Oct 4: Lecture: Film Grammar (Martine Pierquin)
Film: Madame de ........ (Ophuls)
In Film Grammar, Martine will show how the great directors combine the visual and literary elements of a film to create an integrated totality, where each element enhances and nuances the other. We are used to thinking of screenwriting as dialogue, language, plot, characterisation, theme - everything that generates meaning prior to the intervention of the visual. But film directors such as De Sica, Ford, Hitchcock, Keaton, Kurosawa, Lang, Lubitsch, Mamoulian, Murnau, Ozu, Ophuls, Polanski, Renoir, Sirk, von Stroheim, Welles, had a more organic approach to screenwriting. For them, it meant not only using the imagery that would be the bone-structure of the story; it meant creating a totality where the literary and visual elements would be designed in interaction. There are ways of seeing and understanding meaning that the camera particularly allows us.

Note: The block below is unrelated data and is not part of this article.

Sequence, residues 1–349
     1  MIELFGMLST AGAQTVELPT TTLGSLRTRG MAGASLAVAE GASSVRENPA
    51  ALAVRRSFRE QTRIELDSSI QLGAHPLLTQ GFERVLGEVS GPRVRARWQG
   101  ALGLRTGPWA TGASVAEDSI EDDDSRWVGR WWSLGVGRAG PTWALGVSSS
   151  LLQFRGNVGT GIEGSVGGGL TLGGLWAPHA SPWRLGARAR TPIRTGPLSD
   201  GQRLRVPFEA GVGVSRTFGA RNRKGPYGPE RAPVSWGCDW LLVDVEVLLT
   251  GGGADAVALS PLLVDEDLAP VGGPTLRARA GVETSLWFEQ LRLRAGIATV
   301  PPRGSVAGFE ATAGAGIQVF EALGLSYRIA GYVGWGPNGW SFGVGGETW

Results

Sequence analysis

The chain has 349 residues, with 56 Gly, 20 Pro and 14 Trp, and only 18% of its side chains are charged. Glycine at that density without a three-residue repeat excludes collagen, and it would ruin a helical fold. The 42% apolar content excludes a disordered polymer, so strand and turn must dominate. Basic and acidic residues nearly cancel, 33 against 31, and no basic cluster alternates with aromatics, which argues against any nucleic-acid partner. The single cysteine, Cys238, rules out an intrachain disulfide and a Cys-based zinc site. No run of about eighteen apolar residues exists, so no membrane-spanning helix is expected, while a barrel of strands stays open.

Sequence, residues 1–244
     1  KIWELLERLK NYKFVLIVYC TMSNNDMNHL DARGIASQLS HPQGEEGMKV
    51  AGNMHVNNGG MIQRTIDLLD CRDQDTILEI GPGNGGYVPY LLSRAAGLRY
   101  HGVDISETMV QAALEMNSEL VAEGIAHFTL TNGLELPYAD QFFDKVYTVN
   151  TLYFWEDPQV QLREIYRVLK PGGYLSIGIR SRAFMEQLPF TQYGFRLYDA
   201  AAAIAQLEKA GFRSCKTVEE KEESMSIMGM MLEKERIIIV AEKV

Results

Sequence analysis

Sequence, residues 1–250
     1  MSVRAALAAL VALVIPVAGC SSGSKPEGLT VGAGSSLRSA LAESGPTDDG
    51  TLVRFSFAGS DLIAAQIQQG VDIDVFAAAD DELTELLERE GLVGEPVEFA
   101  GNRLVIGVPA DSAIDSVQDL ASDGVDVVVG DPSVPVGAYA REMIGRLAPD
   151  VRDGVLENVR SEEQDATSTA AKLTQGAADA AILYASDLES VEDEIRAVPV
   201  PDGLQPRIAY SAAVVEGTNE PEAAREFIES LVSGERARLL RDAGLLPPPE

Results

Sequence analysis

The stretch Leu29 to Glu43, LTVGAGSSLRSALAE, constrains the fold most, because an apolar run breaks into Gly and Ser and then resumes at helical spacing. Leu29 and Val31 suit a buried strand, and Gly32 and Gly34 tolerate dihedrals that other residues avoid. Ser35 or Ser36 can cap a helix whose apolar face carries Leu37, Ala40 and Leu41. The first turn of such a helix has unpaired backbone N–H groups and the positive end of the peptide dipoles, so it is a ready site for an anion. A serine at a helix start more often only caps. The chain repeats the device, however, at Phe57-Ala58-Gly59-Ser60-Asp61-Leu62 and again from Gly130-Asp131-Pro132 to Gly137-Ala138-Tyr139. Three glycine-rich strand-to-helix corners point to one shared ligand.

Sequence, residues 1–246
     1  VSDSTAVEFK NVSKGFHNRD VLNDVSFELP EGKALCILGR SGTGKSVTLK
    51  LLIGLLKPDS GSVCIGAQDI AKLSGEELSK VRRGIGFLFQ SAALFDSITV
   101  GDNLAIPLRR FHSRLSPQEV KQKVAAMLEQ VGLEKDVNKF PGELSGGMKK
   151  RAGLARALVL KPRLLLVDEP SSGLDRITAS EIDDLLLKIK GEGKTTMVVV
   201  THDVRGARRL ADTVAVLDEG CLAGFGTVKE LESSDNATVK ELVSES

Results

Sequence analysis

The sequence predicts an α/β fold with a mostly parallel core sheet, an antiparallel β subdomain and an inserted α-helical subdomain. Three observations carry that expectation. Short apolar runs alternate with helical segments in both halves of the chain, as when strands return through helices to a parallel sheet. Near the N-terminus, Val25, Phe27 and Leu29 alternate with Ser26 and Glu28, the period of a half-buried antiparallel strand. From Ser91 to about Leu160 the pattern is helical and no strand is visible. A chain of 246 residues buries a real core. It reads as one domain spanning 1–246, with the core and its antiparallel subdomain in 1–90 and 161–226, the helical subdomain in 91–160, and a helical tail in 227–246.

In his 1953 film ‘Madame de …’ we will look at Max Ophuls’ employment of the dynamic camera in movie storytelling. This was one of the last films made by Max Ophuls and is based on the novel by Louise de Vilmorin. It epitomizes his style of dazzling camerawork, magnificent sets and lavish costumes, and is also characteristic of Ophuls in emphasising the perspective of the female protagonist. Danielle Darrieux and Charles Boyer lead the cast, along with Vittorio de Sica..
American critic, Andrew Sarris called it “the most perfect film ever made”, and the English critic, Derek Malcolm said it was “a supreme piece of film-making….a magnificent and utterly timeless dissection of passion and affection”. Molly Haskell called it “a masterpiece”.